At the event, everything goes sideways. A co-worker named Marie insists that she meet a Chilean designer, alone, outside of the hotel, and she’s not kind about it. In a separate incident, Peter, Elizabeth, and her nephew must intervene when a trio of foul smelling men with European accents confronts Lucia. They all seem to know each other. With the situation defused, Elizabeth introduces Lucia to her brother-in-law…Vittorio. He stuns her by knowing about her dreams. He knows what’s up with her eyes. He explains that he, Peter, and the others are vampires, and they have been protecting her for him. She doesn’t believe him, reacts poorly, and bolts into a restroom. Marie corners her there, determined to drag her out to meet the Chilean designer. Lucia gets away, but spotting Vittorio across the room, she looks for a back door out of the building. On her way out, she is confronted by the second man from her nightmares.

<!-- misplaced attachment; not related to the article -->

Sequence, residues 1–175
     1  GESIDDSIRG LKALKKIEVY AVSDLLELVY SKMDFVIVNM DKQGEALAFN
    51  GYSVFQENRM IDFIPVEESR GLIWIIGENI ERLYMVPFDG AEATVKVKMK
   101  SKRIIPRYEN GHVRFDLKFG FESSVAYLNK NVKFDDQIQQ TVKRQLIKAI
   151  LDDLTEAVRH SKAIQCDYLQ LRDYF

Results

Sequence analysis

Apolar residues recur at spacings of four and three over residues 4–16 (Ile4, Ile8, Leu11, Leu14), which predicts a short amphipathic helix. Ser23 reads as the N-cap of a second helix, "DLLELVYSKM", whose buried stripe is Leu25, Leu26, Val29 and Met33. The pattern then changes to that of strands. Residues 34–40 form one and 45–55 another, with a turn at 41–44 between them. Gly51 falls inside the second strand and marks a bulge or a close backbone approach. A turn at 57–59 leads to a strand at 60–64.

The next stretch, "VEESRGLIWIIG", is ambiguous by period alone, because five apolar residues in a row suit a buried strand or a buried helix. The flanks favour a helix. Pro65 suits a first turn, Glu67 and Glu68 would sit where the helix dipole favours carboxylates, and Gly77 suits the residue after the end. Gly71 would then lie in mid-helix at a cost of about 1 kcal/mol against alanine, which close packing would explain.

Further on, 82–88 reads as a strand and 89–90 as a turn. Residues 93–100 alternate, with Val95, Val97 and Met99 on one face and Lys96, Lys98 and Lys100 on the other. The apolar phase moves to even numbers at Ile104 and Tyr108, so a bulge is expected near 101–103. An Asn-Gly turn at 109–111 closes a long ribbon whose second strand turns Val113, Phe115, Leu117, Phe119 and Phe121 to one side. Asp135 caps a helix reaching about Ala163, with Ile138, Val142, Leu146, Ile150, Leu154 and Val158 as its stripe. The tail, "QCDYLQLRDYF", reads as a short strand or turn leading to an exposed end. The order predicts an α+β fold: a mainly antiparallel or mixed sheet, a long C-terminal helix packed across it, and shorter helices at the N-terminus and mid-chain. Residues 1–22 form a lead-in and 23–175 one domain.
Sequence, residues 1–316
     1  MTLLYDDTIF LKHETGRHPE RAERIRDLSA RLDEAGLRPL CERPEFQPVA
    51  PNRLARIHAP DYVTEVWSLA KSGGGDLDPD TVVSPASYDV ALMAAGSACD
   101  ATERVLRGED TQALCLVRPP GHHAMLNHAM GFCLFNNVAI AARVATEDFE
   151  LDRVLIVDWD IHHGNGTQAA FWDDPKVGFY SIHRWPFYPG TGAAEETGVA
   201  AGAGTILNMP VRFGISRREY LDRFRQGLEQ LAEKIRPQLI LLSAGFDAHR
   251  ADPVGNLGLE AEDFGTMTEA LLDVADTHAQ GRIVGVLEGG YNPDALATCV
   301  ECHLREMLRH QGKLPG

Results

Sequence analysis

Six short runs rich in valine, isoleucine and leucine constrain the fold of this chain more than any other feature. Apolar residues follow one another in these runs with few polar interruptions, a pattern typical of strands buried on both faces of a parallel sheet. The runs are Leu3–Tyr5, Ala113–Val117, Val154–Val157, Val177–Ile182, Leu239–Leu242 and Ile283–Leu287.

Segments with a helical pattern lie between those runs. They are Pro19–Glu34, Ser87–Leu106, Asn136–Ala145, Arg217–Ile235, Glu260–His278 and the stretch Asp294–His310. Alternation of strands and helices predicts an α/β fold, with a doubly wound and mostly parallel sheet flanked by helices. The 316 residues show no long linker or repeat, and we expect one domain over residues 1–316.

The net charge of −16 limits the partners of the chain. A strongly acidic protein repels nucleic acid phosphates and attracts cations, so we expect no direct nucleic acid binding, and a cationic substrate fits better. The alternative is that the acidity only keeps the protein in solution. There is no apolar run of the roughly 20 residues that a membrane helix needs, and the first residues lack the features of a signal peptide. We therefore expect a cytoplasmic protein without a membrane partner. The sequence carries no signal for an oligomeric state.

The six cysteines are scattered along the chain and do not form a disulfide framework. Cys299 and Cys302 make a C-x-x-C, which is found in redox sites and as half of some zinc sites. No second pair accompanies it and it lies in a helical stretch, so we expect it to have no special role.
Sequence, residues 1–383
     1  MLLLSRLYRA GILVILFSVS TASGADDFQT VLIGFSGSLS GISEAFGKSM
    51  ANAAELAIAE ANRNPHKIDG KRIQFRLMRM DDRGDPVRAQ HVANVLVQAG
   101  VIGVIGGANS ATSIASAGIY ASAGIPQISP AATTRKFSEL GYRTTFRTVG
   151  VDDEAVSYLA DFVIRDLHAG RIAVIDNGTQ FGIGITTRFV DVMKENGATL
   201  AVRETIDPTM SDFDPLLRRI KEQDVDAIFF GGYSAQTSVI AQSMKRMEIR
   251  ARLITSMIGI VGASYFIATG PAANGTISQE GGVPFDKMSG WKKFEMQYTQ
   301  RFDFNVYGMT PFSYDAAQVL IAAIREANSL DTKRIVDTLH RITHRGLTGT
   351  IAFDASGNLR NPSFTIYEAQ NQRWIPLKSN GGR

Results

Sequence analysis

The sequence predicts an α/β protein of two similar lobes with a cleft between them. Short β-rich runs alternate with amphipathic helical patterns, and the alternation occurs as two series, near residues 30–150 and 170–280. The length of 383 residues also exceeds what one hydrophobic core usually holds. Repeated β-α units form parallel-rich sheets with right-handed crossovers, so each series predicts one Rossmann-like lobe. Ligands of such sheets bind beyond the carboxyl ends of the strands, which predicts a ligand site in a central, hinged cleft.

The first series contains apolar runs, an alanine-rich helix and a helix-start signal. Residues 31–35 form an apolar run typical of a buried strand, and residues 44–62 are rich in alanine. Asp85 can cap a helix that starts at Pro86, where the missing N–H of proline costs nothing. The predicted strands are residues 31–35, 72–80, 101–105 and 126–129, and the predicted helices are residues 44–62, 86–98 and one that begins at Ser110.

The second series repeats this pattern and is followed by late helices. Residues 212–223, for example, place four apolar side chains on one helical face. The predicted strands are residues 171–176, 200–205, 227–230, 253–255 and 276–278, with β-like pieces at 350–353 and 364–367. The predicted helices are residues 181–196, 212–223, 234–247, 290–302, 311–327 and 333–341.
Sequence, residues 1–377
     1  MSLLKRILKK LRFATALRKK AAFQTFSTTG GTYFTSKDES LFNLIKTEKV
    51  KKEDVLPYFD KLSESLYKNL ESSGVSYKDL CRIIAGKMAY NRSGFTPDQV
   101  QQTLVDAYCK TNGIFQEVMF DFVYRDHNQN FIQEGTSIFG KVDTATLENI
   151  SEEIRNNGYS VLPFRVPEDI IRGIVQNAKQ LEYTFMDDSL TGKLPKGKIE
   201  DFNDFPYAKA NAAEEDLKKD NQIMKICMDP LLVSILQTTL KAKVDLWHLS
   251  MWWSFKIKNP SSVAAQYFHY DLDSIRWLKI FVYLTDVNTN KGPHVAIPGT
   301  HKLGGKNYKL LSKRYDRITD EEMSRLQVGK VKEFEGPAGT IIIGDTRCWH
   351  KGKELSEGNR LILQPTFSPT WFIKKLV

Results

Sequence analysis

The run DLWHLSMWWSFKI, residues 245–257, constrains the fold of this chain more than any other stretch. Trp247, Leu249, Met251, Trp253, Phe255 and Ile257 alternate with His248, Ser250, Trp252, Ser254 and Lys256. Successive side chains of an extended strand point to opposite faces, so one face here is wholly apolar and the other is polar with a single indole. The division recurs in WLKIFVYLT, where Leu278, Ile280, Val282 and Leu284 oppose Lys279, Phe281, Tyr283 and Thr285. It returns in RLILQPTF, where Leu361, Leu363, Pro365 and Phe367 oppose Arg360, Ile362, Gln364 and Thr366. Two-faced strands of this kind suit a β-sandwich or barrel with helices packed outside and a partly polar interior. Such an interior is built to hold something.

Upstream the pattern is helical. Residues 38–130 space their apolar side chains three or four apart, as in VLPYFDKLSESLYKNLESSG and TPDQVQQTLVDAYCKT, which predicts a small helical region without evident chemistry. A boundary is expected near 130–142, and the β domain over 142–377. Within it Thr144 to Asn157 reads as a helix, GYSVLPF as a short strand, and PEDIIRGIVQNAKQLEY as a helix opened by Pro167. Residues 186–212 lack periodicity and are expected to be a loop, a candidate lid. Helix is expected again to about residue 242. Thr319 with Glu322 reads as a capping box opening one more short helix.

The evil blonde, Samuel, attacks her. She escapes, runs out of the building, and right in front of a moving truck. When she wakes up in the hospital, she doesn’t know her parents or her boyfriend. She cries out for Vittorio.

A caged-ball.

I am a huge fan of slow reveals, and in Perpetual Light, Jordan K. Rose pulls off the equivalent of a caged-ball. She starts with a heroine that knows nothing about herself, and surrounds her by people who know what she is, what’s happening to her, and the role she plays in the grand scheme of things. Add in the fact that they’re vampires, she’s a Pharo (slayer), and one of them is was her husband 10 past lives ago, and Ms. Rose has a recipe for undead armageddon. Which keeps things moving, but it’s the ball in the box that I found interesting. The author removes the layers of Lucia’s memory block, in the same manner as a whittler would the wood around the block. Bits here, pieces there, when details are necessary.